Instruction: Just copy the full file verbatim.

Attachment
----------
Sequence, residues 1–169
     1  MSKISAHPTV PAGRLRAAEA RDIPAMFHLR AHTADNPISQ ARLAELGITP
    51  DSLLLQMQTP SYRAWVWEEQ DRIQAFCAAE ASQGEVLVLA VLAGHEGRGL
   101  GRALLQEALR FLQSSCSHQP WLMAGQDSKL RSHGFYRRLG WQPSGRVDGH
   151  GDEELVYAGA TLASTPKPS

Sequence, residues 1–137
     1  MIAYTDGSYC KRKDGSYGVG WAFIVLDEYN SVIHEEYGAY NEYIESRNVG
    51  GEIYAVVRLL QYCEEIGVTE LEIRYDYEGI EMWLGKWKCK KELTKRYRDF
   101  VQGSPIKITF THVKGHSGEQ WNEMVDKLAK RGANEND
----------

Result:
Sequence, residues 1–169
     1  MSKISAHPTV PAGRLRAAEA RDIPAMFHLR AHTADNPISQ ARLAELGITP
    51  DSLLLQMQTP SYRAWVWEEQ DRIQAFCAAE ASQGEVLVLA VLAGHEGRGL
   101  GRALLQEALR FLQSSCSHQP WLMAGQDSKL RSHGFYRRLG WQPSGRVDGH
   151  GDEELVYAGA TLASTPKPS

Sequence, residues 1–137
     1  MIAYTDGSYC KRKDGSYGVG WAFIVLDEYN SVIHEEYGAY NEYIESRNVG
    51  GEIYAVVRLL QYCEEIGVTE LEIRYDYEGI EMWLGKWKCK KELTKRYRDF
   101  VQGSPIKITF THVKGHSGEQ WNEMVDKLAK RGANEND